• …Or when fans say “enough.” I’m pretty close to that point, especially because there is an independent team up in Utica (45 miles north of Detroit) and the Mud Hens in Toledo. Personally, if I can afford to go to a Tiger game now, I’d much rather use that money to deposit it into my Roth IRA – it’s a better investment. 🙂

      Like

      • Athletes are just like any other paid entertainers. Howard Stern makes about double what harper wants and he on air 3 days week and not all year either. Taylor Swift will be over 150 million this year, rush Limbaugh and Dr Phil over 80 million as well.

        Like

  3. I wish collusion was legal in baseball. Then, the owners, together, could band against people like Scott Boras who are asking for these obscene salaries. Related also, a few of these selfish ballplayers will one day be HOF’ers.

    Like

  4. Well said. Once again when you or Holly are finished there’s really nothing left to say. What a totally tigers team. Articles like this one is why I always read you first.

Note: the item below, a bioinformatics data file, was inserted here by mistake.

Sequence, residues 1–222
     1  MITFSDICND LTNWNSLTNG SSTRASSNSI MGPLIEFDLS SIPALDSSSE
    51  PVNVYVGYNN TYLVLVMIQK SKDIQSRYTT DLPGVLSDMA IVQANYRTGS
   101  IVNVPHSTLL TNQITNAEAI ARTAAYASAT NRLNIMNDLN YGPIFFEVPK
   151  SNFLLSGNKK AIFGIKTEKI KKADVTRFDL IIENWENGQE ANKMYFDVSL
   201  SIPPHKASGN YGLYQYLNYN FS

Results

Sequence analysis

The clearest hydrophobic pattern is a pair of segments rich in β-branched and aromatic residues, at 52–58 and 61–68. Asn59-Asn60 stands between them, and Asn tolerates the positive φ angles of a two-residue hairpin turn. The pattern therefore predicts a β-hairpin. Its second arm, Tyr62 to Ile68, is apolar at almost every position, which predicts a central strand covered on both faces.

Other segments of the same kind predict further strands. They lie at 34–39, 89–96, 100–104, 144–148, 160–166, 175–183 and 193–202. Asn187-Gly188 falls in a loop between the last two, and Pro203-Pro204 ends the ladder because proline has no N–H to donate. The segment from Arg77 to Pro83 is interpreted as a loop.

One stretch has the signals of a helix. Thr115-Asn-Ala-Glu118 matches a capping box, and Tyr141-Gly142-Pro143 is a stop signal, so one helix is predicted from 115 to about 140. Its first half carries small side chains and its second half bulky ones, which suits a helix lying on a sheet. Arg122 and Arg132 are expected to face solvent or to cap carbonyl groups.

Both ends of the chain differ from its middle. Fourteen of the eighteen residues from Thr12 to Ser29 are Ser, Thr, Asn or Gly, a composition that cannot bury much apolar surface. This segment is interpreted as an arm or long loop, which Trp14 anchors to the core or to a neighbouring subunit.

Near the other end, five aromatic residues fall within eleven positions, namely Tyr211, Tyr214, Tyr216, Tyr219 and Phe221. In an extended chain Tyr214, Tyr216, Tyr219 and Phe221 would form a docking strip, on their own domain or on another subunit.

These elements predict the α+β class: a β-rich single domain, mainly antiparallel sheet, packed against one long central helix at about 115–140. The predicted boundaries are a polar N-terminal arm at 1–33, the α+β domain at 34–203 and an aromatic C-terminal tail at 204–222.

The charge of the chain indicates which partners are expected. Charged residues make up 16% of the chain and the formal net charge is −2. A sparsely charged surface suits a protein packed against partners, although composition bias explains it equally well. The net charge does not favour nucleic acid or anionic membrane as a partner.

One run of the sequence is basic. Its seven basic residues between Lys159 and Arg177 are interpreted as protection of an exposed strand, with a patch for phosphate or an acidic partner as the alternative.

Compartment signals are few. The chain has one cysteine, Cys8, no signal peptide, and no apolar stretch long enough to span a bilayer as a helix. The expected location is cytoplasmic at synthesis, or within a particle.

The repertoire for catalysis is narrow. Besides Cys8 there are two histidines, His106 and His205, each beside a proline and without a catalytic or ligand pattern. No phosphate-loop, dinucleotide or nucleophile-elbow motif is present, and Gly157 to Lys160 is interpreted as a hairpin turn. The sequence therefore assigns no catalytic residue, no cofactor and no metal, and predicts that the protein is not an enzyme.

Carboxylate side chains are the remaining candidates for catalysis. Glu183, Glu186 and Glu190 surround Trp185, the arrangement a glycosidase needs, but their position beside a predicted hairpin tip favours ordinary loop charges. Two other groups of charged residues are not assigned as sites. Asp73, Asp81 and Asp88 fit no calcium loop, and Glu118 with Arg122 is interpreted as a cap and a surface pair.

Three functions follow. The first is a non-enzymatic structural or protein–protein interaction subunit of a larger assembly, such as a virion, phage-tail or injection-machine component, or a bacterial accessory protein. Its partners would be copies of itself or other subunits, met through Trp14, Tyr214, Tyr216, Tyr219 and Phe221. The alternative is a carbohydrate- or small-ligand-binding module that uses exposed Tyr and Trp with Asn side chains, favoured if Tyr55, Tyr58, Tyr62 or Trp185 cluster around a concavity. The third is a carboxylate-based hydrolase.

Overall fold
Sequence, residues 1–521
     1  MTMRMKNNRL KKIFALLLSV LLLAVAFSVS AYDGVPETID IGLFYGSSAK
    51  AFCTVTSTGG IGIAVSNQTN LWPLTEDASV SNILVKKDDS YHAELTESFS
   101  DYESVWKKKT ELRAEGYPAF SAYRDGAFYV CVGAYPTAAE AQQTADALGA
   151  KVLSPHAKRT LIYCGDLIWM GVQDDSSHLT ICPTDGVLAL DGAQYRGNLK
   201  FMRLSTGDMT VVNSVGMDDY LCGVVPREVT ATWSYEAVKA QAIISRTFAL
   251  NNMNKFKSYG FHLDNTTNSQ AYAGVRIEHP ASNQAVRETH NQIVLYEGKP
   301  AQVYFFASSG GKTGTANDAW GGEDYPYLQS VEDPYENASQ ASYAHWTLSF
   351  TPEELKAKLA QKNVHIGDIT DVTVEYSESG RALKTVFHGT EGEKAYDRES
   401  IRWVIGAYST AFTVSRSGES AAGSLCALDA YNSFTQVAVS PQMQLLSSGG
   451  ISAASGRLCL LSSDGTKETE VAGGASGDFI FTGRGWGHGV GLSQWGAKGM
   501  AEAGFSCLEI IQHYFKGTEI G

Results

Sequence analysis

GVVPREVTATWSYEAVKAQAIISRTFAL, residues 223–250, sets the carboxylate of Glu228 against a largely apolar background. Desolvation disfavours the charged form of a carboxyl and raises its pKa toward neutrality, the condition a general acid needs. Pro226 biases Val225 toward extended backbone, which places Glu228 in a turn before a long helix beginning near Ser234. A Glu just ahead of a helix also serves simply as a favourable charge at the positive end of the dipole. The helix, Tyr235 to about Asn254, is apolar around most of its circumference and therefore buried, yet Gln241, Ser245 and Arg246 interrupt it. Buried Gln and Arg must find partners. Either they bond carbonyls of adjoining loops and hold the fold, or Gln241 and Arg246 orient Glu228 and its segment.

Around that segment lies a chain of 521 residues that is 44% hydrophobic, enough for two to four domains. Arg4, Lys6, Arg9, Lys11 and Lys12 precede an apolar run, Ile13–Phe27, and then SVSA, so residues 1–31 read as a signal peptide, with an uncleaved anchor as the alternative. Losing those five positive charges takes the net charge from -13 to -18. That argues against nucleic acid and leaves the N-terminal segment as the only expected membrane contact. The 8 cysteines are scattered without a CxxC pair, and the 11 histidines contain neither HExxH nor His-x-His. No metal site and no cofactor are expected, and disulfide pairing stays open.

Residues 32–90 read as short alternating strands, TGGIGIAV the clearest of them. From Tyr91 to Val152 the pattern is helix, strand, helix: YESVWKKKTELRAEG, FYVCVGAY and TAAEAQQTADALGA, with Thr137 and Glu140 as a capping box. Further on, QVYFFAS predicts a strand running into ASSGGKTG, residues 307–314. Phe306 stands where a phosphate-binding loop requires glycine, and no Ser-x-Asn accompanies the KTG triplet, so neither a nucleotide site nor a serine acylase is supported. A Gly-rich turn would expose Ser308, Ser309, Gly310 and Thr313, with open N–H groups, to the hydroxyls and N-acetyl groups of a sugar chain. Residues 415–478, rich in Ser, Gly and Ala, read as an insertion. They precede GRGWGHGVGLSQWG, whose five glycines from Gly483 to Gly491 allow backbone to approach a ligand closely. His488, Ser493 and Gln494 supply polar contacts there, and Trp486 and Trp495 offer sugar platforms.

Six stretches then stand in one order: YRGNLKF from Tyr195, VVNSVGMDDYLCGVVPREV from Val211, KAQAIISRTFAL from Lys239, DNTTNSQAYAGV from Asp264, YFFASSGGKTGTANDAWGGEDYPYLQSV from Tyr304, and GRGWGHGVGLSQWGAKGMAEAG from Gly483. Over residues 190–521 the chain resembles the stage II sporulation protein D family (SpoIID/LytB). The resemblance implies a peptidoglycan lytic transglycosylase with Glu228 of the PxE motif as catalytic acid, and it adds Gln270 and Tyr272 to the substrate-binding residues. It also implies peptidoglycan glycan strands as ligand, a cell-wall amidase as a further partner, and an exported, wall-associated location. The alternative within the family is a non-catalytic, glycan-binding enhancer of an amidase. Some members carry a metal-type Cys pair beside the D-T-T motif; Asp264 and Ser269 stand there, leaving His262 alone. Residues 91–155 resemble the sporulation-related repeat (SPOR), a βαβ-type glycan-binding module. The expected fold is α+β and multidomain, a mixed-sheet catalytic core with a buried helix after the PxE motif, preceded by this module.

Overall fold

Liked by 1 person

  5. Kurt interesting post & tells the truth.Today its grab the most cash & winning the world series comes second.If J.D. is not traded he is one player who might resign for less to repay the Tigers for giving him a chance after being released.

    Like

  6. Kurt, Could you send me a few hundred dollars so I can buy you a great Christmas present? I probably have the money but more is always better, right?

    Liked by 1 person

  7. Several times you’ve characterized a pitcher as an every-fifth-day player, implying that he impacts the game only 20% as much as a position player. JV faced 903 batters this year. Kinsler and Cabrera each led with 679 PA’s. That means Verlander was involved in 33% MORE matchups on the year.

    Like

Comments are closed.